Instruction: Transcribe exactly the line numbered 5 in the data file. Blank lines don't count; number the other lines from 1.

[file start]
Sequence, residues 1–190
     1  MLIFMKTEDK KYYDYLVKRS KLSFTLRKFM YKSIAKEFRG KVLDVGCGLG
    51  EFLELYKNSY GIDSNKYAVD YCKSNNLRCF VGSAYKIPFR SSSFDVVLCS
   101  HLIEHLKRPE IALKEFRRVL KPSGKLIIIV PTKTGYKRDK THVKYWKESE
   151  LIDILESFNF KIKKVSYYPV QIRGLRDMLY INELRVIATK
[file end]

   151  LIDILESFNF KIKKVSYYPV QIRGLRDMLY INELRVIATK